There’s a lot to be said in favor of hearing local artists perform with local ensembles, and the Sunday evening concert of the Raleigh Symphony Orchestra, which featured winners of this year’s concerto competition in the annual Benjamin K. Gibbs “Rising Stars” program, provides us yet another excuse to enthuse. Although concerts involving young soloists are somewhat different, the principle applies even in top-level professional settings. One of the best readings of Strauss’ Don Quixote ever preserved in a recording involved the orchestra’s own principals. A recent NC Symphony program featured that regional orchestra’s concertmaster and principal cellist. And in Meredith College’s Jones Auditorium on this occasion, wonderful results stemmed from mutual respect and cooperation that, in one case, involved a student and her teacher and his orchestra. It was really something!

The program began with a strong performance of Beethoven’s Egmont Overture, a work that has figured in many concerts led by the orchestra’s Music Director and Conductor, Alan Neilson.

Violinist Kathryn Reeves Pearson, a sophomore at West Johnston High School (Benson) and a student of Xi Yang, performed the first movement of Mendelssohn’s Violin Concerto in E Minor with her teacher, a distinguished violinist and violist in his own right and a member of the RSO, conducting. This was a glowing, heartfelt reading with no perceptible faults that, not for the last time on this occasion, made one wish the artists had gone on with the rest of their concerti! Also not for the last time, there were cheers and bouquets when the performance ended.

Neilson returned to the podium for the rest of the concert, leading next the first movement of Dvorák’s [Second] Cello Concerto, in B Minor. (The first concerto is virtually unknown, so this is the one that most everyone admires….) The soloist was Alan Toda-Ambaras, a junior at East Chapel Hill High School who has worked since 2001 with Leonid Zilper, of the NC Symphony. I should note that hearing Toda-Ambaras is always a pleasure; he’d participated in a masterclass with Zuill Bailey and Awadagin Pratt, sponsored by the Raleigh Chamber Music Guild, earlier in the day, and I should probably mention that I’ve been hearing him play since he was so small he could have fit into his then-pint-sized cello case, standing up. He has become, over the years, a powerful force in the cello community, and his playing of this celebrated work, one of the milestones in the cello world, was masterful. Neilson and the orchestra gave him superb support, and the result was yet another instance of regret that they hadn’t gone on to play the whole thing. Next time, perhaps.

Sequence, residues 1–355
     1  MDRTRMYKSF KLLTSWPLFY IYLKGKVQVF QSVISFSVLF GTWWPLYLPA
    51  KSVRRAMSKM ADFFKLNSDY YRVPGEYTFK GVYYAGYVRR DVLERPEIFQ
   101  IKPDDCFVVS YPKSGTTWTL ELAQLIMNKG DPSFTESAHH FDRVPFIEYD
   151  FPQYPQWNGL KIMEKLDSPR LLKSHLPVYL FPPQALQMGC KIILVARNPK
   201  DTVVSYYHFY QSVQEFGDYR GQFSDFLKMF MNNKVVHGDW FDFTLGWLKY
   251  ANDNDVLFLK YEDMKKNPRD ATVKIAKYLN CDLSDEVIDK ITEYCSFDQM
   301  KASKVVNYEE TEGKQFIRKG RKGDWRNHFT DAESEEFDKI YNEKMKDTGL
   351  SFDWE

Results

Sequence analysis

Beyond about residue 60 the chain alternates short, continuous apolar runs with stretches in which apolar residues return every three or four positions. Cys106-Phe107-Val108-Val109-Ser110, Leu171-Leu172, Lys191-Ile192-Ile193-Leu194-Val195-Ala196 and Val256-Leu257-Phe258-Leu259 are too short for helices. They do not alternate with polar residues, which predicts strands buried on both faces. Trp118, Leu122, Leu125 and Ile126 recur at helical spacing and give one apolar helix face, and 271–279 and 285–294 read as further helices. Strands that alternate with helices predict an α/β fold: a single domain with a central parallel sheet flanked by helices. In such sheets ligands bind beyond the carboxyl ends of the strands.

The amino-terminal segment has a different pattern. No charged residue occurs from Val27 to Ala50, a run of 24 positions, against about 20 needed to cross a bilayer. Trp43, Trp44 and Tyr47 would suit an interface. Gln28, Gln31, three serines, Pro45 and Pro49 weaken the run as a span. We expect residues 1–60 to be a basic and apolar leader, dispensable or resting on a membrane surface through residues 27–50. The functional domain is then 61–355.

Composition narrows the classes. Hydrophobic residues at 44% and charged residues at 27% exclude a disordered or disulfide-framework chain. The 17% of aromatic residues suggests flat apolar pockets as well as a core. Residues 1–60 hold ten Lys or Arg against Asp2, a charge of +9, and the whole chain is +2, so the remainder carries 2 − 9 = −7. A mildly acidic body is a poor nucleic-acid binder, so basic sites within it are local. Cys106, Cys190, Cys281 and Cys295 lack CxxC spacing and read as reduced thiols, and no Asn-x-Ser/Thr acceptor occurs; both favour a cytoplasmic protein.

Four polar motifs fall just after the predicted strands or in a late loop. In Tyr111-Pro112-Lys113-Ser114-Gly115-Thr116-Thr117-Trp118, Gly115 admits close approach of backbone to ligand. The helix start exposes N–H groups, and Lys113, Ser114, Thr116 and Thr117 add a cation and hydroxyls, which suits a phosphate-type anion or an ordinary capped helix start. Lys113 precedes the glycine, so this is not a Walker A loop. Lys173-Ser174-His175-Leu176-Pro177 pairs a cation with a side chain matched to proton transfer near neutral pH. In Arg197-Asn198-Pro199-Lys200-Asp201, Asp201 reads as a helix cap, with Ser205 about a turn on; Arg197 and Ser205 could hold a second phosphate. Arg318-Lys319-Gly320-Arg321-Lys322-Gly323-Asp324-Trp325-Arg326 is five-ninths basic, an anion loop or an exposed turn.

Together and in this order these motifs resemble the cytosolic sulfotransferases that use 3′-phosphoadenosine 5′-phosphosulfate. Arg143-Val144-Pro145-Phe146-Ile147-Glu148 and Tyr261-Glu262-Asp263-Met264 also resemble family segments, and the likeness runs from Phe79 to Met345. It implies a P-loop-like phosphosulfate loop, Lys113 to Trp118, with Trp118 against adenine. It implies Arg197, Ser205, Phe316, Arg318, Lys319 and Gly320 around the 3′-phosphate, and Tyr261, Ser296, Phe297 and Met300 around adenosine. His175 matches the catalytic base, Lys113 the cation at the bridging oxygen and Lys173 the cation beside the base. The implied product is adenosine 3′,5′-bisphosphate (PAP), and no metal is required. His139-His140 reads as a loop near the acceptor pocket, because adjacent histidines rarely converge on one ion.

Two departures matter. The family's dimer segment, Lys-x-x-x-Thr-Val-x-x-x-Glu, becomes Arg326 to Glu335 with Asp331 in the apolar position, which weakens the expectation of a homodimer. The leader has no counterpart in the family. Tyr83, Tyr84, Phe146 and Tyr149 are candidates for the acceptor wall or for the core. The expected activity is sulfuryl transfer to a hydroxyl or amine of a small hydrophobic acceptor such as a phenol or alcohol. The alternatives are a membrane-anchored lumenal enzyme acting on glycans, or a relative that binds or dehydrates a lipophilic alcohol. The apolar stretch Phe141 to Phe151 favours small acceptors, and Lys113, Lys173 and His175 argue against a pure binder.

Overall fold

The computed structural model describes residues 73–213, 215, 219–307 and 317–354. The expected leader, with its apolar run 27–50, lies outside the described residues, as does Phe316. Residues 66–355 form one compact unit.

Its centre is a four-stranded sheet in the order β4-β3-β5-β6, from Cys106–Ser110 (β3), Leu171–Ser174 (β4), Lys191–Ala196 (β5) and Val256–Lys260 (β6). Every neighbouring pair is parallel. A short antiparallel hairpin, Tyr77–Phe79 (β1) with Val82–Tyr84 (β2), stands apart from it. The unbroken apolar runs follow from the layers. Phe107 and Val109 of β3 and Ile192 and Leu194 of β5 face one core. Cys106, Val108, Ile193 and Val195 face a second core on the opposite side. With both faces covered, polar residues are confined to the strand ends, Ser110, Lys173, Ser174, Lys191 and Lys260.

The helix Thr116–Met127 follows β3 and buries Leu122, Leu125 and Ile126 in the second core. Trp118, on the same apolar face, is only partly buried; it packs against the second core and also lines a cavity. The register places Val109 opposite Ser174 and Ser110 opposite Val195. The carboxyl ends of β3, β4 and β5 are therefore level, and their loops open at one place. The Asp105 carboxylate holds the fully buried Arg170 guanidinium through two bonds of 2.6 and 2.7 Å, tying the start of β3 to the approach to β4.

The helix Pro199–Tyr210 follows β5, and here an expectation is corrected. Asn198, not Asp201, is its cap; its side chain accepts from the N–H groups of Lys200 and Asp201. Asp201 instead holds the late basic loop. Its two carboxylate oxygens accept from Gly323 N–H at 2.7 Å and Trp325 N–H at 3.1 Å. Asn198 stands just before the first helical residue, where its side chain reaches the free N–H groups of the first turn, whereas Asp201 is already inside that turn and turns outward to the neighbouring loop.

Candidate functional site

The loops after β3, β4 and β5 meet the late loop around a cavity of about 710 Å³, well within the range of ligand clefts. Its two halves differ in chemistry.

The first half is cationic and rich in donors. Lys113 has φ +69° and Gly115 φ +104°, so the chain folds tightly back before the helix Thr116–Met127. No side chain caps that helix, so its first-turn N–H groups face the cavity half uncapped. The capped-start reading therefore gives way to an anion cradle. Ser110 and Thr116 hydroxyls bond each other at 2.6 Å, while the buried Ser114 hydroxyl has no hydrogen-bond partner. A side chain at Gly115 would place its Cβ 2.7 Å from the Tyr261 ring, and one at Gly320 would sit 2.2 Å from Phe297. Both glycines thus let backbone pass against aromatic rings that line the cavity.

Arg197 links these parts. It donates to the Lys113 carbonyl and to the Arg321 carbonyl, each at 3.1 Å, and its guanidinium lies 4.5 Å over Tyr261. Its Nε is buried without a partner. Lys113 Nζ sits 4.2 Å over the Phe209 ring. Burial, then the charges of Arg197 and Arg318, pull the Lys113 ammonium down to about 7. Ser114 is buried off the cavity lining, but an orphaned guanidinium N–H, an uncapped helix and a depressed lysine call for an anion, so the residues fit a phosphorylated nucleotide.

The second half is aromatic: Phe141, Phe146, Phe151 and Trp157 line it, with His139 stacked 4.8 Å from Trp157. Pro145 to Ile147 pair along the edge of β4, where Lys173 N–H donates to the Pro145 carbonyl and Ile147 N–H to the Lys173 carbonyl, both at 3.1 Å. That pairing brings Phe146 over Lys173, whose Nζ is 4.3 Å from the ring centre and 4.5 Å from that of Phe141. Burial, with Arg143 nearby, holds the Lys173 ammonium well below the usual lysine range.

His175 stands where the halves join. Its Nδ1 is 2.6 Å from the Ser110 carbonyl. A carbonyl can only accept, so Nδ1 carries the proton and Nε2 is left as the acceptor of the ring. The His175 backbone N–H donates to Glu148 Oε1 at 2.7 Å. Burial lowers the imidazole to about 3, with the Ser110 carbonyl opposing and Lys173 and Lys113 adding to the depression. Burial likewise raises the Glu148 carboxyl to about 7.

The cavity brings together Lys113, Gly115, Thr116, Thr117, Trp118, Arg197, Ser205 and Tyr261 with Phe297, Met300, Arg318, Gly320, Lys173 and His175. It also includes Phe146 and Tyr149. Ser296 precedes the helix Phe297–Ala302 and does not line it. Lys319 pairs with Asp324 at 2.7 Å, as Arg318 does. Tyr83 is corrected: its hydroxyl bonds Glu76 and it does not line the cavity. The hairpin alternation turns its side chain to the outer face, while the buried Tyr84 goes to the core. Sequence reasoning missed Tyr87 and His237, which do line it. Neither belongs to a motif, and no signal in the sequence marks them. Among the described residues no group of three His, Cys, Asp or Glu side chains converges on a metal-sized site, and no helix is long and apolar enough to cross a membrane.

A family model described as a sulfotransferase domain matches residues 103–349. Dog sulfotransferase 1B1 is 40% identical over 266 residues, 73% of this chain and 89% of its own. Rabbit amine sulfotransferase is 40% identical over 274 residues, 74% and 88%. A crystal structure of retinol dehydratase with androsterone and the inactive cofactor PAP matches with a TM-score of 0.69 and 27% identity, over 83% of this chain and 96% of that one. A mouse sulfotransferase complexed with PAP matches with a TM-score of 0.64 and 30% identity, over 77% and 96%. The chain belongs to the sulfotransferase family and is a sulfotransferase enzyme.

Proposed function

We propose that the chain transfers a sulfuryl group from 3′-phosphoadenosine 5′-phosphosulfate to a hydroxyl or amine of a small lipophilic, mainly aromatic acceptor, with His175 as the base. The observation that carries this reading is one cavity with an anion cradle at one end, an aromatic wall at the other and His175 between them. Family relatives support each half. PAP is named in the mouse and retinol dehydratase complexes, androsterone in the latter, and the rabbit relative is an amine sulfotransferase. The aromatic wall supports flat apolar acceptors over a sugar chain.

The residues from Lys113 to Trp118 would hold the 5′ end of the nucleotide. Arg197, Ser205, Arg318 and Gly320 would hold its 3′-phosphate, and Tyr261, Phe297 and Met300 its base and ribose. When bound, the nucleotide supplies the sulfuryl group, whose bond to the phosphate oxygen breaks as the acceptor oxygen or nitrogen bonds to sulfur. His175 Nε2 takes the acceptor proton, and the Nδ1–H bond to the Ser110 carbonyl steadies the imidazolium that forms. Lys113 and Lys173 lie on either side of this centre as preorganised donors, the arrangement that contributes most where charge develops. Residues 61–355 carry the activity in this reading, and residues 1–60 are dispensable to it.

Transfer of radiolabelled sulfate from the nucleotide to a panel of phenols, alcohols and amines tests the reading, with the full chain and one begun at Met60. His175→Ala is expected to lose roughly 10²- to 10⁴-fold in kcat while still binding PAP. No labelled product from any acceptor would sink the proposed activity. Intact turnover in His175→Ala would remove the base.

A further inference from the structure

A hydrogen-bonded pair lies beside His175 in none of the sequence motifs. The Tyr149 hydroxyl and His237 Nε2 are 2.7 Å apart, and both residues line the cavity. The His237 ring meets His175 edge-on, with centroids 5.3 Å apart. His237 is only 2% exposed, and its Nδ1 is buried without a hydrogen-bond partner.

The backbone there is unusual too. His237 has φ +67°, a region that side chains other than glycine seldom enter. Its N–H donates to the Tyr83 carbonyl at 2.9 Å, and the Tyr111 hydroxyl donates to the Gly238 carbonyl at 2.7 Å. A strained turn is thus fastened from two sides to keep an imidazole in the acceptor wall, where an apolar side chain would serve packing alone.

After the intermission, Joshua Brooks, a high school junior at Woods Charter School (Chapel Hill) who studies with Greg McCallum, played the first movement of Brahms’ Piano Concerto No. 2, in B-Flat Major. This, too, is one of the great prizes of the repertoire, and Brooks did it proud, to borrow a phrase. Again, the playing exuded professionalism throughout, the orchestra was where it needed to be in terms of support, and the reading elicited enthusiastic response.

Last but hardly least came Hsin-I Huang, a high-school junior at the NC School of the Arts (Winston-Salem) who studies with Eric Larsen. (Among other things, his participation in this concert and the competition that led to it is a testimony to the ever-increasing importance of these annual offerings by the RSO.) He played the first movement of Schumann’s Piano Concerto in A Minor, giving a fine performance that was graced by excellent technique and plenty of interpretive insight.

None of these performances sounded like copies of other artists’ readings (by which I mean to say that they didn’t sound like imitations of any well-known records or CDs), and while for the most part they were middle-of-the-road renditions, interpretively, all four soloists gave proof positive that the state of the art of performance in NC is both strong and in the secure hands of the next generation. That we’ve had the opportunity to assess our cultural health, as it were, in this way and for so long redoubles our indebtedness to Maestro Neilson, the RSO, and this event’s annual sponsor, Benjamin K. Gibbs.